• I also believe that National Associations (NA’s) need to focus more on Marketing and Media. There are only 1 or 2 NA’s that have their own Marketing agency. In fact, many NA’s do not even have someone to work on Marketing and/or Media. This will be important for them to change in order for them to become less dependent on government funding and become more able to generate their own income. 

Many people in the ITTF family would like to see the United States take on a more proactive and engaged role, particularly in the area of achieving some marketing successes.  What particular opportunities do you see for joint marketing activities, knowledge transfer, TV broadcasting, or other mutually beneficial revenue-generating platforms between the ITTF and USA Table Tennis?

Of course the ITTF would like to see the market in the USA be more successful, just as we would like to see all big markets become more successful. So we would never limit our focus to one country. But specifically related to the USA, I think there needs to be a change in thinking and a push for them to create some more commercially savvy events, rather than the traditional large-scale participation events.

Events need to cater to TV broadcasters, media and the general population (spectators), who are event/entertainment driven. The media want glitz, glamour, stars, hype, sizzle, and drama and they want events that have some relevance for them.  There are no events in the USA (and many other countries in the World) that currently cater to the media, which is the key driving force to ensure Marketing activities. An opportunity, maybe?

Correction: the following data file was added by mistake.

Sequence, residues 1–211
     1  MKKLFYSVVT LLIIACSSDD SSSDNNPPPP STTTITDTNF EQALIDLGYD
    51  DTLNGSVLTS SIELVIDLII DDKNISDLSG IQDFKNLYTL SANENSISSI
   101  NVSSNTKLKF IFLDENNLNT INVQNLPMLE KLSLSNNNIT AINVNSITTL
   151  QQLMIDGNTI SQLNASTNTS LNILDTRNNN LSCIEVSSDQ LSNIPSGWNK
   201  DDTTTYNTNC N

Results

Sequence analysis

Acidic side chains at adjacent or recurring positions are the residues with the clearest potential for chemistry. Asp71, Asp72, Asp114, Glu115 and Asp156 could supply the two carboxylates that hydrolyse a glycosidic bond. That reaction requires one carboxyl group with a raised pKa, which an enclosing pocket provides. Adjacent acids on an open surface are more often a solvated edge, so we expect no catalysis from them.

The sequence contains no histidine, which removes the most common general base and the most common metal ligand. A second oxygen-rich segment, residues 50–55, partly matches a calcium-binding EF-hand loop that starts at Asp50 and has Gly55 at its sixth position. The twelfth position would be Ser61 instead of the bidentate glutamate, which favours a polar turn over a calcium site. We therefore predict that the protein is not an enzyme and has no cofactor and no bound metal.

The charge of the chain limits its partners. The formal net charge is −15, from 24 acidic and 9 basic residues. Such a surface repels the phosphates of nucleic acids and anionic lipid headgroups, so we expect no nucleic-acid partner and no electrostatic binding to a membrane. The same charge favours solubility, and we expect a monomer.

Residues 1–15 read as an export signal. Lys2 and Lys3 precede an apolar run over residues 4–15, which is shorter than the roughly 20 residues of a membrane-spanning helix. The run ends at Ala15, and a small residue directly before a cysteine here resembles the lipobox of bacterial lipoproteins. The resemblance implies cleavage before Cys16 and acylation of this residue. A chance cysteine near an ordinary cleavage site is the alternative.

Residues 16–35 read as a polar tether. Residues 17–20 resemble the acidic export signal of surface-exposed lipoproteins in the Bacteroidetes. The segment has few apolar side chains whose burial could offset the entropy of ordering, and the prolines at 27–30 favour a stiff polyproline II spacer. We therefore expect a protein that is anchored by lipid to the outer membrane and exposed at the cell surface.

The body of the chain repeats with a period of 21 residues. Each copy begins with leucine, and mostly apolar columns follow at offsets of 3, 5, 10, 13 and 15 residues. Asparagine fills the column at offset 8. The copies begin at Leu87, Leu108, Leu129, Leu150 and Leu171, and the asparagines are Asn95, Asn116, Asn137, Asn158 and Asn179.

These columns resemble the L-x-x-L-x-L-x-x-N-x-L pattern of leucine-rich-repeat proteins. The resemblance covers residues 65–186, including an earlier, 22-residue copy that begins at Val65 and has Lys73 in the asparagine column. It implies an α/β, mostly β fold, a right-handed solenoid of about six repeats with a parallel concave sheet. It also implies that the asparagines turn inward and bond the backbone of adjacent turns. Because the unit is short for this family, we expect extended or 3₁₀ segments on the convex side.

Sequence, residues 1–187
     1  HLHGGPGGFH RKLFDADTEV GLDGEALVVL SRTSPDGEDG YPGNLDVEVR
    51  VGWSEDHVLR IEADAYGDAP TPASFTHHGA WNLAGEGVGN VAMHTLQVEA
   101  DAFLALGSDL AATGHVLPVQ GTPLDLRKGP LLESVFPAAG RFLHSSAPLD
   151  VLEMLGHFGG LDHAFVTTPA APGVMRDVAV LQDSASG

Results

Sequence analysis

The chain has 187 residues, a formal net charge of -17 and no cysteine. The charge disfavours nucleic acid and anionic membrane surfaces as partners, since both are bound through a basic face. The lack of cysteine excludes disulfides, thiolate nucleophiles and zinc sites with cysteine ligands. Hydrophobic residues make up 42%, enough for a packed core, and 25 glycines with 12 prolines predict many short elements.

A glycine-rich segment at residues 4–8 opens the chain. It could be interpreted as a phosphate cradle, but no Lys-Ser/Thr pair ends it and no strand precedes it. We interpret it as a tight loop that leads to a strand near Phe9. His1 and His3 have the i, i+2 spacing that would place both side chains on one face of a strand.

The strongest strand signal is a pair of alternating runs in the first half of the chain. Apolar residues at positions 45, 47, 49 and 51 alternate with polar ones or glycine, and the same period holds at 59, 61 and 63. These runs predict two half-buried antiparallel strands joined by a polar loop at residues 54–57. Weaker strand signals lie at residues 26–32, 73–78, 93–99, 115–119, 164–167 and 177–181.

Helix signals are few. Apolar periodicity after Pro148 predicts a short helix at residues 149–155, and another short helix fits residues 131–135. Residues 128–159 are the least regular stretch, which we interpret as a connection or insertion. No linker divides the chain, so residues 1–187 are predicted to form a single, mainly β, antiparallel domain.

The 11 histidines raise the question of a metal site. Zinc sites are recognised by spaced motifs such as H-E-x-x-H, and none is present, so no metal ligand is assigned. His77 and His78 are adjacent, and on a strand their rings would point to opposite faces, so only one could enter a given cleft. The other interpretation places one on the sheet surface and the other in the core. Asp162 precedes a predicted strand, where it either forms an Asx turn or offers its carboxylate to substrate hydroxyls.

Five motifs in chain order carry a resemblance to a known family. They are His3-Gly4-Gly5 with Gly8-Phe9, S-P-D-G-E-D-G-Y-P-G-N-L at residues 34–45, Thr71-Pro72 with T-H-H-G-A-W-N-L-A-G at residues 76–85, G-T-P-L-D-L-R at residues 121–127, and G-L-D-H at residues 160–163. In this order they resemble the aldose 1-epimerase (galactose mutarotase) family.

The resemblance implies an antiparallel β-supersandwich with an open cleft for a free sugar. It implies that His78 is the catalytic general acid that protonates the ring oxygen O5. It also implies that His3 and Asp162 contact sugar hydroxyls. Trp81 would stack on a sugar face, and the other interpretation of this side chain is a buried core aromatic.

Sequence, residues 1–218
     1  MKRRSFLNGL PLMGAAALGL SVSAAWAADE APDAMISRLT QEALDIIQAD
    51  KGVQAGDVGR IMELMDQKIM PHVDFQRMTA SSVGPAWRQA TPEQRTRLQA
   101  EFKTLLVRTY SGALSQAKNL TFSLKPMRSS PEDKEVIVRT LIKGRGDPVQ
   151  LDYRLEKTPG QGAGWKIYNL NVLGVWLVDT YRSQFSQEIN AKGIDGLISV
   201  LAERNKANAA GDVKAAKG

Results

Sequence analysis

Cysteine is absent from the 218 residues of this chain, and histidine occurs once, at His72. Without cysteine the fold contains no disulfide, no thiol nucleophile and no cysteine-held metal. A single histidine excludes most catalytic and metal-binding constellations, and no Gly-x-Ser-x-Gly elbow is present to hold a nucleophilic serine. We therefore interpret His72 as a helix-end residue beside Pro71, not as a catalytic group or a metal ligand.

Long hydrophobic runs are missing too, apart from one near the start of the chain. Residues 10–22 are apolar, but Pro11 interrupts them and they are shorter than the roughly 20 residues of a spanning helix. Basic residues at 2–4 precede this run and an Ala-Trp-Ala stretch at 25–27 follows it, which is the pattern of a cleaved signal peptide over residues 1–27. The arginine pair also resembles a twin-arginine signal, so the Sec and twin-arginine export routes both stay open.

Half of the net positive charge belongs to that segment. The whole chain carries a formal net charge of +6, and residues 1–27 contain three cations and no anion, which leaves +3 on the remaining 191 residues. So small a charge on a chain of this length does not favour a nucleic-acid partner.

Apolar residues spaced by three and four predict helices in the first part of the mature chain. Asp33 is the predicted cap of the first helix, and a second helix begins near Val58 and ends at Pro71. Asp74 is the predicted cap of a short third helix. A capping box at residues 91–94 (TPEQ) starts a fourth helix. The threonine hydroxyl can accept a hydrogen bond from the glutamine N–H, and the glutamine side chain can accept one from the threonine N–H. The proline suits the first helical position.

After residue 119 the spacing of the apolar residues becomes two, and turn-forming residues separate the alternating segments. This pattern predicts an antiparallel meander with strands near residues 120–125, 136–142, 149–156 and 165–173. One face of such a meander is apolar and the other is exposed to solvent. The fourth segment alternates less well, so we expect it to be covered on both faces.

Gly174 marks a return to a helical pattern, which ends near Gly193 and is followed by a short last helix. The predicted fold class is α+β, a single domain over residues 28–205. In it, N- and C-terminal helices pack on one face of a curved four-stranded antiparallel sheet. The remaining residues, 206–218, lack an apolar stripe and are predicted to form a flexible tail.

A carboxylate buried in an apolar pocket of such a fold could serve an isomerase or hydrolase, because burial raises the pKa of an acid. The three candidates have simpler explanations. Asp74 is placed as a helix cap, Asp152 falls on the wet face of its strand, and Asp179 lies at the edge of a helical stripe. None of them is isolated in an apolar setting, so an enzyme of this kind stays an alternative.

That said, the door to our office is always open. We look forward to assisting any association, any event and all our table tennis stakeholders to develop their commercial areas. 

At the WTTC’s in Tokyo, you and I had a lively discussion on the subject of setting a fixed limit on the number of teams to be invited to participate in future World Championships.  We were equally passionate in, I should add, our opposing positions and beliefs on this matter.  Could you explain how reducing the scope of the World Championships will ultimately benefit Continental Championships?  Can you walk us through what your vision is and what your rationale was behind supporting this proposal that ultimately passed with a revision?

This is my favorite topic.  It’s one that I believe is the most important for the future development and growth of our sport. It is a topic I am hugely passionate about and one that I truly believe if we don’t find ways to solve, it will always limit our potential to grow from a Marketing and Commercial side.